Community and Population Dynamics of Diatoms in Recovering Agricultural Stream and Ubiquitous Taxon in Low-Impact Sites Across Southeastern United States
Date of Award
Master of Science (MS)
Dr. Kalina Manoylov
Dr. Christine Mutiti
Dr. Dave Bachoon
Streams play vital roles to surrounding communities and provide essential ecosystem services. The protection of streams is important, legally protected under the Clean Water Act (CWA) and can be monitored through the continuous analyses of biological data, like algal or other aquatic communities. Diatoms are a group of algae characterized by rigid glass cell walls and ubiquitous distribution. They are typically identified using the morphological species concept and an ever-varying range of sizes may pose challenges in the identification process. However, when identified and applied correctly, diatoms are robust bioindicators. This research identifies and analyzes low-impact sites across the Southeastern United States in attempts to identify reference sites. Three study sites within two different projects were analyzed: Tobler Creek, a recovering agricultural stream on the site of Andalusia Farm; Upper Three Runs Creek (UTRC), a reference site protected by the Department of Energy (DOE); and Murder Creek, a low-impact stream located that has been continuously monitored within the Oconee National Forest. Given a 31- year recovery period (2011), Tobler Creek did not meet nutrient reference criteria but did with an additional 11-year recovery (2022). From 2011 to 2022, Tobler Creek was found to display positive ecological values, such as species richness and diversity, in response to recovery. However, degradation was still signaled from diatom metrics, detecting high percentage of sediment tolerant taxa dominating communities. Gomphonema parvulum, a taxon traditionally thought to be tolerant of high nutrients, was in high abundance in 2011 and low in 2022. Analyses of Southeastern low-impact streams found G. parvulum still dominating UTRC in 2018, a reference site. This opens new questions about adaptations, ecological preferences, and life history of this taxon. Morphological responses were assessed across the Southeastern United States, and found that in UTRC, G. parvulum had a significant reduction in frustule sizes from 1956 to 2018, at the population level. However, in Tobler Creek, frustule lengths significantly varied monthly whereas there was no significant difference from 2011 to 2022. When cultured, frustules had significantly varied morphological responses from populations sampled from natural environments. Monocultures provide evidence that environmental conditions influence diatom morphology to some extent, as well as rates of sexual and asexual reproduction, and evolution of population morphologies of G. parvulum in UTRC is detected. Tobler Creek can serve as a model for recovery of abiotic and biotic properties in degraded streams whereas G. parvulum populations in UTRC is a case-study for population responses of this ubiquitous taxon to environmental conditions.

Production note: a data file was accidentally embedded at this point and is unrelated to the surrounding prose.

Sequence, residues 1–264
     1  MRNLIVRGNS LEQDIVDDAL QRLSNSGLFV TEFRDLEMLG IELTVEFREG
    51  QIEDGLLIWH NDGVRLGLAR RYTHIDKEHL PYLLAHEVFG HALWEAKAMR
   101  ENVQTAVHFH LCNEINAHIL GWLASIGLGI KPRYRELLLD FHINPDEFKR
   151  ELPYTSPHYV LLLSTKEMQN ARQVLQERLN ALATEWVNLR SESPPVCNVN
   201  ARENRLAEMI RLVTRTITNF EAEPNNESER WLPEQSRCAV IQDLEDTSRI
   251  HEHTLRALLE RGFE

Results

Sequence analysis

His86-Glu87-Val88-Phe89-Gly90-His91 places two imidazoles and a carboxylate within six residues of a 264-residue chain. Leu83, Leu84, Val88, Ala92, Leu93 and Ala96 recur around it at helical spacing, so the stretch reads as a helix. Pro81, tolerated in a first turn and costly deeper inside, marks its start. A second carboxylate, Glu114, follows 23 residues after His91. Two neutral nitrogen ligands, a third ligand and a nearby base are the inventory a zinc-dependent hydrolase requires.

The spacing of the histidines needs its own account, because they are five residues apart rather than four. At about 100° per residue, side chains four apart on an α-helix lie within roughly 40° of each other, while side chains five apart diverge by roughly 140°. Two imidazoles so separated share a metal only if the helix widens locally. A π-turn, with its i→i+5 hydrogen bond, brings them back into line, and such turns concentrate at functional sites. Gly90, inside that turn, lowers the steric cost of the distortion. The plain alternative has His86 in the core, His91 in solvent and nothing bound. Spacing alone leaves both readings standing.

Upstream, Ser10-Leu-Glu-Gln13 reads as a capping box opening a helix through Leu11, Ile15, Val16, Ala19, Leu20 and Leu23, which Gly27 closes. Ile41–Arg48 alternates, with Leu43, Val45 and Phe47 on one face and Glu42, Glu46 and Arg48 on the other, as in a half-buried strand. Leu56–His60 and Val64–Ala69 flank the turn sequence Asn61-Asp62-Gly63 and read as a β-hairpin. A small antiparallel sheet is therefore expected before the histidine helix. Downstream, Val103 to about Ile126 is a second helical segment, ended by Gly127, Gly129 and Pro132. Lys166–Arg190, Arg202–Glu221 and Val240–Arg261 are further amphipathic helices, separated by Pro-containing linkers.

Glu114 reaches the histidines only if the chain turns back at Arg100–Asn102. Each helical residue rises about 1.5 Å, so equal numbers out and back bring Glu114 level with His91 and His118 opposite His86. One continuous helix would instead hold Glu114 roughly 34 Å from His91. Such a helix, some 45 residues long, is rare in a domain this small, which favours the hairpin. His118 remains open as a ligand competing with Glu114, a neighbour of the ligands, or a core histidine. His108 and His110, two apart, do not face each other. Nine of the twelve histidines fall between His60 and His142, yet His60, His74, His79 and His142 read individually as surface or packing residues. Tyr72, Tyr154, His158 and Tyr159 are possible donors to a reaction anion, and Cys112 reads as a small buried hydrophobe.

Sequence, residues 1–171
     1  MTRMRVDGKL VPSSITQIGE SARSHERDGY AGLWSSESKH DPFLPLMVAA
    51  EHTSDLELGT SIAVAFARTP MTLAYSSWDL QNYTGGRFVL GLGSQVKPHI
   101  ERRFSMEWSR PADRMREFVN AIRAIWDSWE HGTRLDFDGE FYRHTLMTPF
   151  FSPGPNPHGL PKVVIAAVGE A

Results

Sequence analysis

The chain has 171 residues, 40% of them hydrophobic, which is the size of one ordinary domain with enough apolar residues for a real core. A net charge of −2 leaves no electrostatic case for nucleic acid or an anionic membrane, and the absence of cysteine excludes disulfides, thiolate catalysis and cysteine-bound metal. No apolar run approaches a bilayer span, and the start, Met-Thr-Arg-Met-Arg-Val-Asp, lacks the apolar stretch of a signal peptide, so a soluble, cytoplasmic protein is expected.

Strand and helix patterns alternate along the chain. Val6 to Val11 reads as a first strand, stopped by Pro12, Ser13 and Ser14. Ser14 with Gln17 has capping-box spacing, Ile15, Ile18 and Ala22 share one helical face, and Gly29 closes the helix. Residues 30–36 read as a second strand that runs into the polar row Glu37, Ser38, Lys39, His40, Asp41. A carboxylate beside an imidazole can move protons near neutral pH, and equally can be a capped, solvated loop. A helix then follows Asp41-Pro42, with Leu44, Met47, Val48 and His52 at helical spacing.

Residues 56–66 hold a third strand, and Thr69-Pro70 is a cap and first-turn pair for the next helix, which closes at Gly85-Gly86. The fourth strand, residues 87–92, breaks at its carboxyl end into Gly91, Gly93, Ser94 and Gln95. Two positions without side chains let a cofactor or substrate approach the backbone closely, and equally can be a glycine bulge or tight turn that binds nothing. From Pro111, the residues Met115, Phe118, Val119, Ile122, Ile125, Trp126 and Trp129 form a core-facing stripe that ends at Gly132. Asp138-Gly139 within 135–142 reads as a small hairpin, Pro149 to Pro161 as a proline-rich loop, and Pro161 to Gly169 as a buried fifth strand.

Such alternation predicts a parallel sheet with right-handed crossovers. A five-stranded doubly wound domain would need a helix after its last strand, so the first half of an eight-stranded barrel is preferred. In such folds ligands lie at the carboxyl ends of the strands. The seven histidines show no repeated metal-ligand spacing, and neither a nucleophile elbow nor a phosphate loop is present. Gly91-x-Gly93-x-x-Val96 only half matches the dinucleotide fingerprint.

Brown, Sydney, "Community and Population Dynamics of Diatoms in Recovering Agricultural Stream and Ubiquitous Taxon in Low-Impact Sites Across Southeastern United States" (2023). Biology Theses. 29.
Available for download on Monday, May 04, 2026
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